Not surprisingly, Thanjavur’s temple heritage—it is home to three great living Chola temples—meant that it soon became an important centre for classical music, spawning many musical virtuosos, including the “three jewels of Carnatic music”, Tyagaraja, Muthuswami Dikshitar and Syama Sastri. Additionally, many workshops making musical instruments, filled with trained craftspeople, sprang up in this area. They included those making the nadaswaram.

Going by what Selvaraj says, Narasingapettai’s association with the instrument is more recent. According to him, his great-grandfather, Govindasamy Achari, visited a village near Mayiladuthurai—part of Thanjavur district until 1991—to learn the craft. But it was his grandfather, Ranganathan Achari, who played a vital role in making the instrument and the place synonymous with each other.

In the mid-1940s, says Selvaraj, the famed nadaswaram player T.N. Rajarathnam Pillai approached his grandfather asking for a modified version of the nadaswaram. “The nadaswaram used to be shorter and its pitch higher,” writes journalist Aparna Karthikeyan in her book Nine Rupees An Hour: Disappearing Livelihoods Of Tamil Nadu, pointing out that this meant that players struggled to play popular ragams (melodic frameworks) like Sankarabharanam on it. It also could not be used as an accompanying instrument because the pitch of the instrument could not mix with the human voice.

Ranganathan Achari’s version of the instrument changed how it sounded completely. In his book A Southern Music: The Karnatik Story, musician, writer and activist T.M. Krishna points out that in the early 20th century, the instrument went from being a short, high-pitched instrument (timirinagaswara) to a longer one (barinagaswara). “Many attribute this change to Vidvan T.N. Rajaratnam Pillai and to his assertion that he would render kutcheris like vocalists, seated, using the longer length to rest the instrument on the floor.” Pillai, adds Selvaraj, loved the change and went on to order more such instruments. In 1947, on the day of India’s freedom, the musician—known for both his genius and tempestuousness—used the modified nadaswaram to perform for Jawaharlal Nehru and other leaders; his performance was aired on AIR too. “But Ranganathan Achari, the wizard who made the instrument, is not known outside the world of nadaswaram players,” writes Karthikeyan.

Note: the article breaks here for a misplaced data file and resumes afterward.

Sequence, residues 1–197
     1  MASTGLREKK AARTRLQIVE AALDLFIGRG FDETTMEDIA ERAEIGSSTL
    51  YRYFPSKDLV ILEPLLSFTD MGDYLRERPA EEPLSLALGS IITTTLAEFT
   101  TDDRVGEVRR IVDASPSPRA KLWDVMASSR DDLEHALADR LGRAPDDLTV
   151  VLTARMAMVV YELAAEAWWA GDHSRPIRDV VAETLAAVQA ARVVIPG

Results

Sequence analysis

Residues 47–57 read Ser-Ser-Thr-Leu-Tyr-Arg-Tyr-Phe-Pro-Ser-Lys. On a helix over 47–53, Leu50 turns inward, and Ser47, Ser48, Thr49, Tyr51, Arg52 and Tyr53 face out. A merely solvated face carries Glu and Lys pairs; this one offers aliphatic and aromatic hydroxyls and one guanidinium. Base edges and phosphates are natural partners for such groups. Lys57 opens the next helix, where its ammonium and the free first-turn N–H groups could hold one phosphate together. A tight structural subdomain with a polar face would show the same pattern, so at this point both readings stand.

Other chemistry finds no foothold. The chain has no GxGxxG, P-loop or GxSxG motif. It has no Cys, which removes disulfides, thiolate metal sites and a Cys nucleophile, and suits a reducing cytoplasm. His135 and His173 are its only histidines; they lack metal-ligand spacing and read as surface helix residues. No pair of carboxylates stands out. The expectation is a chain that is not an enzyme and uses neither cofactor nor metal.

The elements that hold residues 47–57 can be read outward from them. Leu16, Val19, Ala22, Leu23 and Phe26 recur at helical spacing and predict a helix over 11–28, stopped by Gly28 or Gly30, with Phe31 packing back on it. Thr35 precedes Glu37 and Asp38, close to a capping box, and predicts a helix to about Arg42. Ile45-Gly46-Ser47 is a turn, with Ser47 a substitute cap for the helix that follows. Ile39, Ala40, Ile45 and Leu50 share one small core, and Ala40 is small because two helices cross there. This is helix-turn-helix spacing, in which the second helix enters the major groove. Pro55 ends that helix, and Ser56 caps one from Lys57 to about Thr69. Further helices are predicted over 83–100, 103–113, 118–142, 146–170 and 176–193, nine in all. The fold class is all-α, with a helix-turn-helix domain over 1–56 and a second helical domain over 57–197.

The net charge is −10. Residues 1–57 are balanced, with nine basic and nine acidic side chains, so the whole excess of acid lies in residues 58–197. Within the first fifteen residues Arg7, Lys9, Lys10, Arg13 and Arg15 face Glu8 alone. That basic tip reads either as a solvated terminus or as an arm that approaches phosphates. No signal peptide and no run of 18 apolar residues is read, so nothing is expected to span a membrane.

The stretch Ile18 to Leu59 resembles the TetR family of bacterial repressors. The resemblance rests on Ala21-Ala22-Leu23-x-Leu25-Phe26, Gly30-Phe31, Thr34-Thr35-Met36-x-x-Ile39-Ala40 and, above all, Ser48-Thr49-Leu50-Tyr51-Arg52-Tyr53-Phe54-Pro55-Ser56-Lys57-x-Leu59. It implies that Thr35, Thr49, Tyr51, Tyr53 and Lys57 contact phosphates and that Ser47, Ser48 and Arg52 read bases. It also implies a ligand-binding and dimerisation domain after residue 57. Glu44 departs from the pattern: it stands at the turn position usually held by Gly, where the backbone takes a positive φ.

It is something that Selvaraj worries about, too—a lot. Perhaps that is why he spent his early 20s refusing to take up the family business, choosing to drive a tourist van instead. “Many people have left this profession because it is no longer profitable,” he says. The average cost of making an instrument is around 3,500-4,000, which includes the purchase and transport of the blackwood, which should be at least 60 years old, and the labour charges. On average, a nadaswaram sells for 5,000-6000, so profit on average is barely 1,000-1,500.

Moreover, business can be erratic. While during some months, like January and February—auspicious months in Tamil calendar—they get 20-30 orders a month, in others, it trickles down to around 10. “Also, it is handmade, and we can make only a few a month anyway,” says Selvaraj, who has around four-five people in his workshop, including his brother, Prakash.

However, the artisans are trying their best to find solutions and create more markets, something they hope the GI will help with. A number of music colleges have bourgeoned across the state, for instance. “The government should talk to them and ask them to come to us for regular orders,” believes Selvaraj, who is also figuring out how to negotiate the online marketplace. Because fight for the nadaswaram he will, come what may; it is why he chose to return to the profession, despite its challenges. “Our family is doing it because we want to live up to my grandfather’s legacy,” he says. “It was my (late) father’s dream that we follow this passion.”